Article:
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Gonzales v. Shaw

Court of Appeals of New Mexico

July 17, 2018

CHRISTINA J. GONZALES, Petitioner-Appellee,
v.
RICHARD S. SHAW, Respondent-Appellant.

          APPEAL FROM THE DISTRICT COURT OF BERNALILLO COUNTY Gerard J. Lavelle, District Judge

          Monica D. Baca Albuquerque, NM for Appellee

          Trujillo Dodd, Torres, O'Brien, Sanchez, L.L.C. Donna S. Trujillo Dodd Albuquerque, NM for Appellant

          OPINION

          MICHAEL E. VIGIL, JUDGE.

         {¶1} Respondent Richard Shaw appeals the district court's order setting child support for his adult disabled son, Blake (Son), and memorandum order and judgment awarding Petitioner Christina Gonzales attorney fees and costs. Respondent raises four arguments on appeal: (1) the evidence was insufficient to find Son is a disabled adult in need of continuing child support; (2) the district court erred in relying on the report and testimony from clinical neuropsychologist, Dr. Jonathan R. Kurtyka, Ph.D., in its determination on the issue of continued child support for Son; (3) the district court erred in its treatment of the proceeds Son receives as a result of his disabilities from Social Security as part of the child support calculation; and (4) the district court erred in its award of attorney fees and costs to Petitioner. We affirm.

         BACKGROUND

         {¶2} Petitioner filed a motion to establish child support for Son-nineteen years old at the time-pursuant to Cohn v. Cohn, 1997-NMCA-011, ¶ 5, 123 N.M. 85, 934 P.2d 279 (establishing the possibility of child support persisting beyond a child's eighteenth birthday in certain circumstances of disability.) After an evidentiary hearing that took place over the course of two days, the district court concluded, under Cohn, that Petitioner and Respondent have a continuing obligation to financially support Son. The district court determined that Respondent's child support obligation to Son is $582 per month.

         {¶3} In its memorandum order and judgment, the district court explained that "[t]he testimony of Dr. Jonathan Kurtyka was helpful and compelling in terms of the decision to award child support. Both parties had the opportunity to interview Dr. Kurtyka prior to his testimony in Court and, therefore, had access to Dr. Kurtyka's information before the two trial dates that were eventually needed to resolve the issues herein. In addition to Dr. Kurtyka's testimony, Respondent's own witnesses, who were subpoenaed to come to Court, testified that [Son] is disabled." The district court further ordered that Petitioner shall be awarded attorney fees, gross receipts tax, and costs related to Dr. Kurtyka's testimony. Respondent appeals.

         DISCUSSION

         I. Sufficiency of the Evidence That Son Is a Disabled Adult Entitled to Continuing Child Support

         {¶4} Respondent claims that "[i]t is clear that New Mexico adopts the notion that parents shall continue to support their disabled or incapacitated children. However, the facts of this case do not rise to the level of a[n] incapacitated adult child, despite his defined disabilities." Respondent therefore contends that the evidence was insufficient to determine Son is a disabled adult in need of continuing child support.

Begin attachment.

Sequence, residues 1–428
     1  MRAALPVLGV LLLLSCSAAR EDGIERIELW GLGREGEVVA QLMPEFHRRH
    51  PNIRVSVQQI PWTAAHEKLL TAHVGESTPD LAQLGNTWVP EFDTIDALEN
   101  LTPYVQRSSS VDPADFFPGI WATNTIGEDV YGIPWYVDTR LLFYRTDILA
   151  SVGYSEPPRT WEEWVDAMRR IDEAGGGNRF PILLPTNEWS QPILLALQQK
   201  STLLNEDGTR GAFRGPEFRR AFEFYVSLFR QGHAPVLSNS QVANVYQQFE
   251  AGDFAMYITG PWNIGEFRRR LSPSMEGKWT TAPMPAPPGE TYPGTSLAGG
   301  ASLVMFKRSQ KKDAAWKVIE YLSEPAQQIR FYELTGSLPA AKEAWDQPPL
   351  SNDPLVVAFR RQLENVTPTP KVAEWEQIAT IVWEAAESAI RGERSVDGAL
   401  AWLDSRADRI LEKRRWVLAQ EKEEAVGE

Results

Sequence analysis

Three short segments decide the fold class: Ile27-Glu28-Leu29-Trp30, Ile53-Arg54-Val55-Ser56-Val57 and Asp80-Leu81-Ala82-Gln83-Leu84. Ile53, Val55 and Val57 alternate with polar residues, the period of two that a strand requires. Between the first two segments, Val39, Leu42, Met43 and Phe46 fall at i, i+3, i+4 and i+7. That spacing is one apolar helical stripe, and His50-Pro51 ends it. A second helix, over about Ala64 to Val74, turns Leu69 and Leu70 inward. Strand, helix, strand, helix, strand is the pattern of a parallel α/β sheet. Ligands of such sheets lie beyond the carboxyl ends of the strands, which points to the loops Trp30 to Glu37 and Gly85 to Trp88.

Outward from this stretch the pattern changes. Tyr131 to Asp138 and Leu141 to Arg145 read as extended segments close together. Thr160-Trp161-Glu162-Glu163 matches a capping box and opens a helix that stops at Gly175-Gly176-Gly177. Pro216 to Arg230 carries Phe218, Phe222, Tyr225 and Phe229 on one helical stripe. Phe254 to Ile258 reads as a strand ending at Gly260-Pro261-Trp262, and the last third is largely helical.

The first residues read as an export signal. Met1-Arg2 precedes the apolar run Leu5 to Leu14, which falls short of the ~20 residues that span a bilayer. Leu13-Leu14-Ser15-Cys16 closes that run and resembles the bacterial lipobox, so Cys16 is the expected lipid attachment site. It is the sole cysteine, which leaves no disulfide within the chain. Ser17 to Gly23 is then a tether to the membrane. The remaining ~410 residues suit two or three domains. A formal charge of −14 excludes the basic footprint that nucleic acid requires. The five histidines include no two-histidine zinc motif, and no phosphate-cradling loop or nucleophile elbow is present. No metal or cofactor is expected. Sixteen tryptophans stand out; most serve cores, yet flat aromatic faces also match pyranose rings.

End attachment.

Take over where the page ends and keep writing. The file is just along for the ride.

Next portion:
{¶5} "Child support determinations are made at the discretion of the district court and are reviewed for abuse of discretion." Jury v. Jury, 2017-NMCA-036, ¶ 26, 392 P.3d 242. "A district court abuses its discretion if it applies an incorrect standard, incorrect substantive law, or its discretionary decision is premised on a misapprehension of the law." Id. (internal quotation marks and citation omitted). To the extent that Respondent argues that there was an insufficient basis to support the district court's findings concerning the extent of Son's disability, "we review the evidence in the light most favorable to support the district court's findings, resolving all conflicts and indulging all permissible inferences in favor of the decision below." Gabriele v. Gabriele, No. A-1-CA-34523, 2018 WL 797270, ___ -NMCA- ___, ¶ 18, ___ P.3d ___ (Jan. 31, 2018) (alteration, internal quotation marks, and citation omitted). However, insofar as Respondent challenges the district court's legal conclusion concerning whether Son qualified as an adult in need of continued child support under Cohn, our review is de novo. See Gabriele, ___-NMCA- ___, ¶ 18.

         {¶6} We held in Cohn that under the common law, "if a child is disabled at the time of reaching majority, ... the parental duty to provide .support continues indefinitely, until the disability is removed." 1997-NMCA-011, ¶¶ 5-6 (internal quotation marks and citation omitted). In Cohn, the father appealed the district court's order requiring him to pay child support for his thirty-seven-year-old son, George, who had been "severely mentally and physically handicapped since birth." Id. ¶¶ 1-2. At the time the district court entered its order, George had been and continued to be cared for by his mother. Id. ¶ 2. The district court found that George had the mind of a three-year-old child and was incompetent, suffered from frequent epileptic seizures, had to be helped in bathing and dressing, and needed constant supervision. Id. On appeal and based on the district court's findings concerning George's condition, we concluded that George was "severely disabled" before reaching the age of majority and therefore the district court did not err in ordering the father to pay support for his disabled adult son. Id. ¶ 6.

         {¶7} The evidence presented in the hearing of this case overwhelmingly demonstrates that Son was severely disabled before reaching ...


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